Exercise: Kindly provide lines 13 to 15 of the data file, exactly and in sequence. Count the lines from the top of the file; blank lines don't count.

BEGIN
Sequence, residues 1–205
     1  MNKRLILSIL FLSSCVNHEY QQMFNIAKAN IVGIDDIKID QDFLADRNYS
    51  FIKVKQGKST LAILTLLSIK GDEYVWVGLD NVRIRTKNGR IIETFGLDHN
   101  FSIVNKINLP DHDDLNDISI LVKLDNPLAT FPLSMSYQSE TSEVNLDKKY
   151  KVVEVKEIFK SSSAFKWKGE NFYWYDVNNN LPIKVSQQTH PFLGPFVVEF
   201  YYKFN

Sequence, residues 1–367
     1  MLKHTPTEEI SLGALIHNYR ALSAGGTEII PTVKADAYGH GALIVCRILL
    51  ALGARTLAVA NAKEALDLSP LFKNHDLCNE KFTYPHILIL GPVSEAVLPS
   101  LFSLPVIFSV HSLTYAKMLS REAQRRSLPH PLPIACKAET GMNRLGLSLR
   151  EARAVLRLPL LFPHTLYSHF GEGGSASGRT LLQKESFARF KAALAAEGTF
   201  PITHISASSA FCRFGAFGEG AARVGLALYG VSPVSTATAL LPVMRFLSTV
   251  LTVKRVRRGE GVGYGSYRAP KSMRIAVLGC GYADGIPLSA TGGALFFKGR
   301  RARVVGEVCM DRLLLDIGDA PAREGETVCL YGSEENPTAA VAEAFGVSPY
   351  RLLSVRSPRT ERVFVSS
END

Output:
   251  LTVKRVRRGE GVGYGSYRAP KSMRIAVLGC GYADGIPLSA TGGALFFKGR
   301  RARVVGEVCM DRLLLDIGDA PAREGETVCL YGSEENPTAA VAEAFGVSPY
   351  RLLSVRSPRT ERVFVSS